DR West Con't

DR Heading West
Saturday 6 April – Saturday 13 April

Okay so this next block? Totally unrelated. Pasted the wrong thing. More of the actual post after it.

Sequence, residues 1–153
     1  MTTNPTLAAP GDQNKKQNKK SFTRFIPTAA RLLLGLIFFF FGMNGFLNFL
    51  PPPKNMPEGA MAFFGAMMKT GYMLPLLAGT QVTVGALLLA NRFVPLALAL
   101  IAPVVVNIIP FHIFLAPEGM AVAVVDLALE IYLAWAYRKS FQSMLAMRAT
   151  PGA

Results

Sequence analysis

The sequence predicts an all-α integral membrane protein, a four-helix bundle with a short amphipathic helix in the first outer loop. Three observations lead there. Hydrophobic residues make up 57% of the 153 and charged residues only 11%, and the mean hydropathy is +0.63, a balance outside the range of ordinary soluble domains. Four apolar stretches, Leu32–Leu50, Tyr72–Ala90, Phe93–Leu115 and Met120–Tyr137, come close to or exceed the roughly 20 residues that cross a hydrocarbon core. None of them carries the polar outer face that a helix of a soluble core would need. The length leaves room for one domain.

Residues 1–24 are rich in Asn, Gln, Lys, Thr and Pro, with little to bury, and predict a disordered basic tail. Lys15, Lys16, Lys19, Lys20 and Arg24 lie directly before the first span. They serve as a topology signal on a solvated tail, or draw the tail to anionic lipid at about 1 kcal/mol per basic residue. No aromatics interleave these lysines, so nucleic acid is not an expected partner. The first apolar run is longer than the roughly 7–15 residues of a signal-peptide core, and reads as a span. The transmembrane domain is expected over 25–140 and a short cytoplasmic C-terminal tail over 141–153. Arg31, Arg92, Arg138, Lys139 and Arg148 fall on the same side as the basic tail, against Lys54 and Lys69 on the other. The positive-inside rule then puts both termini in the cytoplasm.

We depart our anchorage in Salinas at 10 Saturday morning, Ultra had already left at 8:30. We have a slow rolly sail, winds are light and seas have good long rollers but we are able to sail. By 2 we finally put the motor on for the last hour and are anchored by 3 next to Ultra in the small basin at Barahona. As we are anchoring we hear a guy yelling over at Ultra, who are doing their best to ignore him. We are pretty sure he is one of the “officials” we need to check in with but he just needs to wait a few minutes to let us get anchored, settled in and put the dinghies down. At one point he looks like he is telling us to bring the big boats up to this “dock” which neither of us would fit into. By 3:30 Bill & JoAnne come by to pick up Steve and they go over to check in. The guy in the red pants that had been yelling to us is with immigration and he and 2 other officials along with a local that speaks better English all go over to Ultra. Yes it was a full dinghy. Ultra gets cleared in then they come to our boat to clear us in. We let them know we need our international despacho to leave the country, as this is the last port to do that at. We need to go to the main office to get our passports stamped. Bill drops off all 3 customs guys at the nearby dock, and comes back to our boat with JoAnne & the the interpreter to pick up Steve & I. We go over to the government dock, which is a big concrete dock NOT made for dinghies. The locals are looking at us like it's OK to leave your dinghy here, but they don't understand that it would shred the dinghy. So we climb out using a fishing boat and Bill takes the dinghy down to another vessel tied up to ask the captain if we could tie to his boat. It is a research vessel exploring sunken ships and he kindly says yes. Next we pile 6 people into a tiny car to go to the immigration office. Get our passports stamped and will have our despacho the following morning. Car ride back towards the docks we see some stores are open so get out and stock up on a few more provisions. Dinner on Ocean Star that evening.